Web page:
The Department of Energy’s Pacific Northwest National Laboratory today was awarded a Scientific Discovery through Advanced Computing, or SciDAC, grant to develop a computer model that can simulate biogeochemical processes on multiple scales. This computational advancement would enable researchers to make more accurate predictions of the movement and fate of contaminants in groundwater so that appropriate cleanup and human safety measures can be applied to the problem.
DOE today announced $60 million in grants for 30 SciDAC projects over the next three to five years.
Specific to the PNNL-led project, the SciDAC program provides the framework within which computational and earth scientists will work together to bring the most powerful computers and latest software developments to bear on the challenging groundwater problem.
Organizations collaborating with PNNL on the modeling project will be the University of California, San Diego; Idaho National Laboratory; and Oak Ridge National Laboratory.
Subsurface transport processes play a central role in issues that are of concern globally, as in DOE missions, such as cleanup of Cold War legacy contamination, development of energy resources, reduction of global climate impacts through subsurface sequestration of carbon dioxide, and safe storage of subsurface waste for the long-term.
Computer models that simulate groundwater’s behavior already exist, but with limited ability to share information between models at different scales. Researchers hope that a new, sophisticated model will be able to combine individual, small-scale simulations and this will create a larger picture where real-world problems can be analyzed and, hopefully, solved with a single model instead of developing them on a case-by-case basis.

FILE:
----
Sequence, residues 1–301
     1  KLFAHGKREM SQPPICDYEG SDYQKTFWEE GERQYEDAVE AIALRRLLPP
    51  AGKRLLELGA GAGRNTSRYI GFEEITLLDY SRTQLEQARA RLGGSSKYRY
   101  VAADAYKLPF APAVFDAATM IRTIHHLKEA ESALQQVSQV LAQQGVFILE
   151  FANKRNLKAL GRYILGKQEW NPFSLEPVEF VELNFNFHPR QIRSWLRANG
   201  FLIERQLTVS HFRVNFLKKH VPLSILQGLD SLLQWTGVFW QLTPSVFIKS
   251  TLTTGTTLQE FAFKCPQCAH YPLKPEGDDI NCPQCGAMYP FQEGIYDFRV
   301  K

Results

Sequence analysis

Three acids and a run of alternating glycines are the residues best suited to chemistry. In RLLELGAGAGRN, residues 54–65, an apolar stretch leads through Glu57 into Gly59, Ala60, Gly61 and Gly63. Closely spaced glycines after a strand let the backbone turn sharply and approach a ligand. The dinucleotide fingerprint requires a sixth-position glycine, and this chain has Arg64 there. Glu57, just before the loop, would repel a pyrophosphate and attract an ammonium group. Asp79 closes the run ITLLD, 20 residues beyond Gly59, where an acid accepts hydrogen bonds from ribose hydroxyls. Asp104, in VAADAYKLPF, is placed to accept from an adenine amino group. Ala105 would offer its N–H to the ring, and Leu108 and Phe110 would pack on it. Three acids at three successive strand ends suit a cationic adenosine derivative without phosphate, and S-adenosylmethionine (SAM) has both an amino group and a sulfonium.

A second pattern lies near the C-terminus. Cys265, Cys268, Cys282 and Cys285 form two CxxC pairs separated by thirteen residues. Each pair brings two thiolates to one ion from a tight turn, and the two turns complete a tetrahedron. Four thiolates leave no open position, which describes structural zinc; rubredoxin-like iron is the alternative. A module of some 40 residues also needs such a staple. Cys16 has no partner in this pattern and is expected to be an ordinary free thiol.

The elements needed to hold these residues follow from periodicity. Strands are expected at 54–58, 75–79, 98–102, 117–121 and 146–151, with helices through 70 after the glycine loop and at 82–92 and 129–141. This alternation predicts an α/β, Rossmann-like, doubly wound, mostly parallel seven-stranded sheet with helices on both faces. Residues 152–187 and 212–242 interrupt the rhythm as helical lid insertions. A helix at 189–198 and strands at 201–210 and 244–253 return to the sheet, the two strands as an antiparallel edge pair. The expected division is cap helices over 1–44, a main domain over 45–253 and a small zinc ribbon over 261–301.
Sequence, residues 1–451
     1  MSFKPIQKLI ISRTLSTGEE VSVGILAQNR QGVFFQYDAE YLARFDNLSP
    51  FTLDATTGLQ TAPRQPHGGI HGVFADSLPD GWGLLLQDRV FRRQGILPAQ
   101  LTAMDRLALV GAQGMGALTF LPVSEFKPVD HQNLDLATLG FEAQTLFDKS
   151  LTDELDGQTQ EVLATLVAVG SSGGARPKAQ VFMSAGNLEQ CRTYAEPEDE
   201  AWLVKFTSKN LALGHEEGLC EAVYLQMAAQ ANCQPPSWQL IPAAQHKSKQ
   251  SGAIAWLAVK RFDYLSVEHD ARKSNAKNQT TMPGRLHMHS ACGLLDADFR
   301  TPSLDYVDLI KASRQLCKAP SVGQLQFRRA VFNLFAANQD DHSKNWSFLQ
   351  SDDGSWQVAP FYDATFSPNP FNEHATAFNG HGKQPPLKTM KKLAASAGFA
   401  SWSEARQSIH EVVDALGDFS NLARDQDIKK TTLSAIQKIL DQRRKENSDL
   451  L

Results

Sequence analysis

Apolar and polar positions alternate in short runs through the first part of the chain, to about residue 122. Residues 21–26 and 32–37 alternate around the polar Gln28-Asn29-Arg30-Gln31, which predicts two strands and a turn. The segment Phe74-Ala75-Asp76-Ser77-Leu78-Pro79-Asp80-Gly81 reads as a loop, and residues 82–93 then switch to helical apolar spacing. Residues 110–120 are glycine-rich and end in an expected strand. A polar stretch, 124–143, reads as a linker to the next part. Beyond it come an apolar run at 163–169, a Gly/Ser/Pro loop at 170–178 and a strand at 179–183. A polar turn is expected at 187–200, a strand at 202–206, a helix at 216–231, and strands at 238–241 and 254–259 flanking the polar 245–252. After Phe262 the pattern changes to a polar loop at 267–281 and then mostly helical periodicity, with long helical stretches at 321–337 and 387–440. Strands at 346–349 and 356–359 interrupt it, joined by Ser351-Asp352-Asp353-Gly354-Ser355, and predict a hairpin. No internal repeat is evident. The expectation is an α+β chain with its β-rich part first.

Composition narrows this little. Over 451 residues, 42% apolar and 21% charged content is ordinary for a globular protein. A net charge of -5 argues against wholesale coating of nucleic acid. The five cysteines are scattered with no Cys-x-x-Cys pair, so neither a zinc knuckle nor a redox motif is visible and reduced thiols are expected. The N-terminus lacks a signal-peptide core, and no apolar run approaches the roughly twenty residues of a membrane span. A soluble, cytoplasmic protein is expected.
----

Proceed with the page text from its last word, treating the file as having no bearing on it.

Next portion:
Big problems, such as cleaning up contaminated groundwater at old plutonium production sites, are often complex on the surface, and even more complicated below the surface – that is, at the “pore” scale.
Consider a five-foot pathway of water that’s flowing underground. It isn’t a “clean” tunnel; rather, it’s a mixture of water, minerals, contaminants, and dirt, making it a stew that researchers must examine closely in order to determine how and where the water will flow.
If researchers simply examined the stew on the large scale, they might neglect small-scale (e.g., microscopic- or pore-scale) processes that ultimately control the large-scale behavior. But with a sophisticated computer model that marries various simulations representing different processes on a variety of scales, ranging from microbial growth in pores to migration of contaminants to rivers or wells, researchers get a clearer picture of what’s happening underground now and what’s likely to happen in the future.
A similar project that received a SciDAC grant will seek to enhance groundwater monitoring so that researchers can better understand the migration of radionuclides. The knowledge gained from detailed modeling could help with remediation efforts in locations where cleaning up the groundwater is necessary to avoid contamination of areas it contacts, such as rivers. PNNL will collaborate with Los Alamos National Laboratory on the project.
Other SciDAC projects that PNNL will collaborate on, are: A Scalable and Extensible Earth System Model for Climate Change Science, led by Oak Ridge National Laboratory; Design and Testing of a Global Cloud-Resolving Model, led by Colorado State University; Modeling Multiscale-Multiphase-Multicomponent Subsurface Reactive Flows using Advanced Computing, led by Los Alamos National Laboratory; Petascale Data Storage Institute, led by Carnegie Mellon University; Center for Interoperable Technologies for Advanced Petascale Simulations, led by Lawrence Livermore National Laboratory; Center for Technology for Advanced Scientific Component Software, led by ORNL; and Scientific Data Management Center for Enabling Technologies, led by Lawrence Berkeley National Laboratory.
The SciDAC program was launched in 2001 to develop new tools and techniques for advancing scientific research through computer simulation in all mission areas of DOE’s Office of Science.